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Posted April 15, 2005
Why the powers behind the scenes protect constitutional abuse
Since I went to school many years ago honest patriotic americans have revealed the courts abuse of powers. Why does it continue to get worse. Why do the economic, policital and sundry other powers that essentially influence our government allow it to destroy the Constitution? Because they chase immediate gratification of a desire rather than the perpetual protection of their rights. A supposed principle of law is that 'those who can and should prevent a crime, and do not, are a partner to it.' If you want your government back participate in it beyond paying taxes. Stop supporting the abusers.
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Posted January 19, 2005
Educational, Informative, slightly disappointing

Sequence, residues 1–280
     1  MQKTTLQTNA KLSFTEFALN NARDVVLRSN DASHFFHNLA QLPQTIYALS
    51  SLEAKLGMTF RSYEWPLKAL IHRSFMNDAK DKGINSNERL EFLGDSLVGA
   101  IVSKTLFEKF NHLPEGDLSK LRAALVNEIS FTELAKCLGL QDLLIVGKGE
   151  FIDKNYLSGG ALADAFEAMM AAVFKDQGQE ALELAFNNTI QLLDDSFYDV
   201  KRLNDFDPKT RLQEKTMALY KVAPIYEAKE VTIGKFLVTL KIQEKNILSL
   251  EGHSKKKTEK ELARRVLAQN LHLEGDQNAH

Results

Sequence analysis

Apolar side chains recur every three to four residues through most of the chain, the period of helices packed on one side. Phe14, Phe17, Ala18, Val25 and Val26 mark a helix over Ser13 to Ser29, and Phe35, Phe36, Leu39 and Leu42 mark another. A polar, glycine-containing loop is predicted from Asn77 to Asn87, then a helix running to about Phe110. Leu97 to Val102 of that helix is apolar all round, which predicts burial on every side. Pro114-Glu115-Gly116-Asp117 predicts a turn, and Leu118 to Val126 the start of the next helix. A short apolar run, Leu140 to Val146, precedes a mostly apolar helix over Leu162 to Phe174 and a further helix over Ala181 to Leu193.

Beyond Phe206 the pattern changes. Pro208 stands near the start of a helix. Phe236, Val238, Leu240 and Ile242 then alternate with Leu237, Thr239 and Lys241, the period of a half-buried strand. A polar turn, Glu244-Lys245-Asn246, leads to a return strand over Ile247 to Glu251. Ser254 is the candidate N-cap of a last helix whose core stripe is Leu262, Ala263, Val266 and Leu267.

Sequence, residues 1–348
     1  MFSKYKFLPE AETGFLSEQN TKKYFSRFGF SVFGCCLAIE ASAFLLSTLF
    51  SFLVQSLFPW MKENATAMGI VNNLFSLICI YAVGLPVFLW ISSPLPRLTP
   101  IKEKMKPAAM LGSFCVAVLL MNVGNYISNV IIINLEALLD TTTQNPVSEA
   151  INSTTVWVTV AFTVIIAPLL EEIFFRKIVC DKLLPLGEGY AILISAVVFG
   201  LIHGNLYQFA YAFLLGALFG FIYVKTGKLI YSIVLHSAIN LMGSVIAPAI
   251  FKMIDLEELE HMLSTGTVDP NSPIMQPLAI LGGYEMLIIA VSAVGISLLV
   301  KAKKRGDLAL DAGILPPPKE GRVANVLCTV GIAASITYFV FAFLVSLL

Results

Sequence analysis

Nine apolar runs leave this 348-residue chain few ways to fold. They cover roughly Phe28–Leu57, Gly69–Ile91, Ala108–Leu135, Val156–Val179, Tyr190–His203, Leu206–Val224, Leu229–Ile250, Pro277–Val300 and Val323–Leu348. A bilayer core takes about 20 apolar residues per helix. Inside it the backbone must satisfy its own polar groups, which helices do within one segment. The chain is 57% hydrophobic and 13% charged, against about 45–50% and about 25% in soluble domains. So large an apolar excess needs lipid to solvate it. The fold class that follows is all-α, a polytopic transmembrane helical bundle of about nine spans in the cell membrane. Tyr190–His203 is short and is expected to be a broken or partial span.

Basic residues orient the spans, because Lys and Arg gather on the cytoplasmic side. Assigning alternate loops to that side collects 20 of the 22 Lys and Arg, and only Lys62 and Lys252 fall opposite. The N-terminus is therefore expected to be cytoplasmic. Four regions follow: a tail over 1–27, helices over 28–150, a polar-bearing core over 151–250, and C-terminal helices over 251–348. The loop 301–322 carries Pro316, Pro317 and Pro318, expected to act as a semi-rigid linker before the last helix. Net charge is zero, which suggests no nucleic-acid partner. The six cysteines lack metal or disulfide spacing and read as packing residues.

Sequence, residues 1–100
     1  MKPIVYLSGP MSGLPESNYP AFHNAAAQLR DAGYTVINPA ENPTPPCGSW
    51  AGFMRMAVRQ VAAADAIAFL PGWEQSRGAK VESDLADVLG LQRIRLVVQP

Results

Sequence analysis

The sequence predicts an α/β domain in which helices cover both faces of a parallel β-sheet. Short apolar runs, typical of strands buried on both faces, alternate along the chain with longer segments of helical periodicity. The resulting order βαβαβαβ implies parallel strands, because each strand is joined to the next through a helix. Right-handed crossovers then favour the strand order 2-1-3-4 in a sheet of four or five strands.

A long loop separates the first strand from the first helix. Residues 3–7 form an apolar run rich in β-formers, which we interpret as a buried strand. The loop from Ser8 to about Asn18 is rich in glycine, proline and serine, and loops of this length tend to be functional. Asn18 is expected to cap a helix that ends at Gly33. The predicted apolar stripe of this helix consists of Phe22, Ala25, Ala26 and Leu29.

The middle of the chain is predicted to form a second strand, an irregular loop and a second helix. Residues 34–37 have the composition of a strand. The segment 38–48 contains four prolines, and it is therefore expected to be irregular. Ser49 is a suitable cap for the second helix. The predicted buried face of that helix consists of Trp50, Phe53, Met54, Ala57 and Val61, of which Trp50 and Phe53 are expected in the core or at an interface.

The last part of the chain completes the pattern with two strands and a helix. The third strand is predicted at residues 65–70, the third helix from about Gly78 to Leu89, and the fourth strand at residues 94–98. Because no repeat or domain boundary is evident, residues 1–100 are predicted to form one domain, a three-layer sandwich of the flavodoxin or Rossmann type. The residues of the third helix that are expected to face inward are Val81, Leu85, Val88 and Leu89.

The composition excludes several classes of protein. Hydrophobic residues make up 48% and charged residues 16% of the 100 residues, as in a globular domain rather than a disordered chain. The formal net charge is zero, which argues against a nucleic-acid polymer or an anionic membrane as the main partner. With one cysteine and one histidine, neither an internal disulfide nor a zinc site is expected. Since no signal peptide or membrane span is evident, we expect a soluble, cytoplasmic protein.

Judge Napolitano is clearly a brilliant, colorful jurist. He has developed a well-thought out criticism of the executive powers of the U.S. Government. He has littered his argument with numerous examples of how the Feds (and other governmental officials)abuse their powers. These examples run from the personal (where he was accosted in New York City) to the famous (yes, Martha Stewart rears her head). In short, the good judge has an ax to grind. In truth, his argument might have been a bit more effective if he had balanced it with some counterpoints. There is little doubt that the government abuses its power when arresting people (just ask, as Mr. Napolitano points out, some of the poor folk down at Guatanamo Bay), but the argument could have been a bit more subtle -and therefore convincing - if a more intelligent discussion had been conducted on the 'positive' aspects of aggressive police-work. In this post-9/11 world one can't totally dismiss the dangers of proper 'due process.' Unlike the American environment when our Constitution was written - when, for instance, a pony or a sloop was the fastest form of sending a message - people today have instant access with the entire globe. If someone in the apartment up the street is plotting to dispense nuclear arms on our beloved shores, this person should be stopped as soon as possible. No? The law has always been a slippier slope. And, recently, it has become even slippier.
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